Singapore has taken the step to enact section 10L in the Singapore Income Tax Act 1947, treating gains received in Singapore from the sale of foreign assets as income chargeable to tax.
Effective from January 1, 2024, this new section aims to ensure that entities operating without significant economic presence in Singapore are subject to income tax on gains derived from the sale of foreign assets.
Entities must demonstrate a substantial economic presence in Singapore, which is evaluated based on the management and performance of core income-generating activities within the country, along with the presence of adequate human resources and operational management. Understanding and meeting these criteria are vital, and entities can seek an advanced ruling from the Inland Revenue Authority of Singapore (IRAS) for clarity and certainty on these requirements.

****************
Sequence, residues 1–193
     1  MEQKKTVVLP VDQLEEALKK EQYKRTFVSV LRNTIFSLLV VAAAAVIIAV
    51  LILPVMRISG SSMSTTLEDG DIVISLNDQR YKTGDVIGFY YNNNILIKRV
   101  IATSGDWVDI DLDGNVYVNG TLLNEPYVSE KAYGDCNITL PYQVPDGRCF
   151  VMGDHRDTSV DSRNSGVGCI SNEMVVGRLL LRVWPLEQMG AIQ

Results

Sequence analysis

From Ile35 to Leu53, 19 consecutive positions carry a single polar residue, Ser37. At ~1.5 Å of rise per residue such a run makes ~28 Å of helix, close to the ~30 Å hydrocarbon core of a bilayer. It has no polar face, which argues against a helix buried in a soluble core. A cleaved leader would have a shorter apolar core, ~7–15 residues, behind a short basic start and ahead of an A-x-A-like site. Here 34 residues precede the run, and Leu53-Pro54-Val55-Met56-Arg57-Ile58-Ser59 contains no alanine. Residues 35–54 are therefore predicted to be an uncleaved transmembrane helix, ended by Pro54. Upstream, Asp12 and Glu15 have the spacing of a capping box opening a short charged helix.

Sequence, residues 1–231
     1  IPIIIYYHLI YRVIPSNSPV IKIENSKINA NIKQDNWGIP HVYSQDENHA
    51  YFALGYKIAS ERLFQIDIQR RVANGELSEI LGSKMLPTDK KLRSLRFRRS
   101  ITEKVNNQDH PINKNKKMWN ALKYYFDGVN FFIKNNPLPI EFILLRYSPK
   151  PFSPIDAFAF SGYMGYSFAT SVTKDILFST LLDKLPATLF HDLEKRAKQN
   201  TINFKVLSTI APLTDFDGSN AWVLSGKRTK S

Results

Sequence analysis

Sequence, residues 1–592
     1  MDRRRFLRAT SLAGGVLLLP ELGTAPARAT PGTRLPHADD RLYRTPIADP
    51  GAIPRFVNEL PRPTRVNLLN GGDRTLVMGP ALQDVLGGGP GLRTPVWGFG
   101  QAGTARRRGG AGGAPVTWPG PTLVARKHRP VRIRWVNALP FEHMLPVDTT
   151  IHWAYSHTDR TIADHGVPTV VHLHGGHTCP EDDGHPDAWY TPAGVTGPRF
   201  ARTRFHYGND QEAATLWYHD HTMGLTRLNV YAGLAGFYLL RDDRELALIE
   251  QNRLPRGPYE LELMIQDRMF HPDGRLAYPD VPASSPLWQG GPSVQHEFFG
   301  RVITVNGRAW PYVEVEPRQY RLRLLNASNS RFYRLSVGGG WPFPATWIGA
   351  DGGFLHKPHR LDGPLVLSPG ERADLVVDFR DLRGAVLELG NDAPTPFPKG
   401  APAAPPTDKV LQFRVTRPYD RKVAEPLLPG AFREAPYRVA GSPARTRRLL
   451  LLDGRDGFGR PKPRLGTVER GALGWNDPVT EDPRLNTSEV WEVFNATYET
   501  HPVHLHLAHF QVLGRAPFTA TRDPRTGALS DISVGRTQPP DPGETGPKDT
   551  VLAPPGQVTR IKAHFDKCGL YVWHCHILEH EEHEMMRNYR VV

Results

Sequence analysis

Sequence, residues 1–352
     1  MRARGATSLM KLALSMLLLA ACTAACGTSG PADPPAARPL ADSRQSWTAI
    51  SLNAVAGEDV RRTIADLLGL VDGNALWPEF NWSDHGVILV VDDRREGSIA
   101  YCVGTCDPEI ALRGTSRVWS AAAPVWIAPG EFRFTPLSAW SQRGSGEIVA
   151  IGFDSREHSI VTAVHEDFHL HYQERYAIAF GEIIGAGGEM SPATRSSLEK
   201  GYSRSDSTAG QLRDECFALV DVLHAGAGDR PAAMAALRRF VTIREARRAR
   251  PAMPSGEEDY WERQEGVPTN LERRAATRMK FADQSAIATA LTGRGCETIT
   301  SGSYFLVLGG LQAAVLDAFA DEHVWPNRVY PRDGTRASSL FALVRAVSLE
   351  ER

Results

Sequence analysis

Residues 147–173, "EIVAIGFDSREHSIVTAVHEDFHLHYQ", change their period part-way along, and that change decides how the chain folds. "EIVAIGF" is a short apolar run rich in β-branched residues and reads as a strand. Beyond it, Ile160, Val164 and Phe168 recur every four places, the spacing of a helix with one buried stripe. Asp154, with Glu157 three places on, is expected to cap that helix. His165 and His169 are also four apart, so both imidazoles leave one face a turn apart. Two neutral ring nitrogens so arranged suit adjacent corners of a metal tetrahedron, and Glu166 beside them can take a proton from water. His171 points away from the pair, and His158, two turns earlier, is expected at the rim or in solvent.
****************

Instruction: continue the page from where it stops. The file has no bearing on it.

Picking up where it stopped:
However, the legislation is not without its relief measures. For entities that have paid taxes on these gains in foreign jurisdictions, Singapore will offer a foreign tax credit to mitigate the impact of dual taxation.
It is important to note that foreign entities that are not operating in or from Singapore fall outside the purview of Section 10L.
Similarly, gains accrued by individuals and certain business activities, especially those under specific tax incentive schemes in Singapore, are exempt. This provision ensures that the law targets specific economic activities without overreaching into areas where it may not be applicable or intended.
However, Section 10L would impact certain existing tax exemptions. So, if Section 10L applies to the gains from the disposal of foreign assets, then certain exemptions under section 13 of the Act, such as the exemption on gains from the disposal of ordinary shares, will no longer be applicable. This change necessitates a thorough review of current tax positions, especially for entities that have previously relied on these exemptions.
The introduction of Section 10L is a significant step in Singapore’s ongoing efforts to align tax policies with real economic activities and address international tax avoidance risks. As we step into this new era, understanding and adapting to these changes is crucial for entities with cross-border operations.
For more information, contact Alpadis Group.